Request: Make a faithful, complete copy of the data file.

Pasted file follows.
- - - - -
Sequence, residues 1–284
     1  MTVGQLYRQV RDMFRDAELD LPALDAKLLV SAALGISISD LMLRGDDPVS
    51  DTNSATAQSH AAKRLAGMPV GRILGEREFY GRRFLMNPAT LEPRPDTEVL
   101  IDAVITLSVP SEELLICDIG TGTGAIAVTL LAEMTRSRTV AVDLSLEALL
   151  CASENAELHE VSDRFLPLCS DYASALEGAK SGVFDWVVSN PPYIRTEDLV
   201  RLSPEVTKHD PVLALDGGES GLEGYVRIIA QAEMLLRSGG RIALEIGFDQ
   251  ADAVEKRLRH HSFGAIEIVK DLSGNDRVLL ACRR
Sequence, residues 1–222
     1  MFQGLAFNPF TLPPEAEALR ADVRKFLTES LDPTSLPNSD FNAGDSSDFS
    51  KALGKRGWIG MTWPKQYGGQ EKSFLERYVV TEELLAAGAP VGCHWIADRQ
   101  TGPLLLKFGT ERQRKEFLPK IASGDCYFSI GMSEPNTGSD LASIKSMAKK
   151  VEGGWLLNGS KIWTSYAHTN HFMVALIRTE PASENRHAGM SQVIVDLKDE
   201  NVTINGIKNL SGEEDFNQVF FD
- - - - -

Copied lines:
Sequence, residues 1–284
     1  MTVGQLYRQV RDMFRDAELD LPALDAKLLV SAALGISISD LMLRGDDPVS
    51  DTNSATAQSH AAKRLAGMPV GRILGEREFY GRRFLMNPAT LEPRPDTEVL
   101  IDAVITLSVP SEELLICDIG TGTGAIAVTL LAEMTRSRTV AVDLSLEALL
   151  CASENAELHE VSDRFLPLCS DYASALEGAK SGVFDWVVSN PPYIRTEDLV
   201  RLSPEVTKHD PVLALDGGES GLEGYVRIIA QAEMLLRSGG RIALEIGFDQ
   251  ADAVEKRLRH HSFGAIEIVK DLSGNDRVLL ACRR
Sequence, residues 1–222
     1  MFQGLAFNPF TLPPEAEALR ADVRKFLTES LDPTSLPNSD FNAGDSSDFS
    51  KALGKRGWIG MTWPKQYGGQ EKSFLERYVV TEELLAAGAP VGCHWIADRQ
   101  TGPLLLKFGT ERQRKEFLPK IASGDCYFSI GMSEPNTGSD LASIKSMAKK
   151  VEGGWLLNGS KIWTSYAHTN HFMVALIRTE PASENRHAGM SQVIVDLKDE
   201  NVTINGIKNL SGEEDFNQVF FD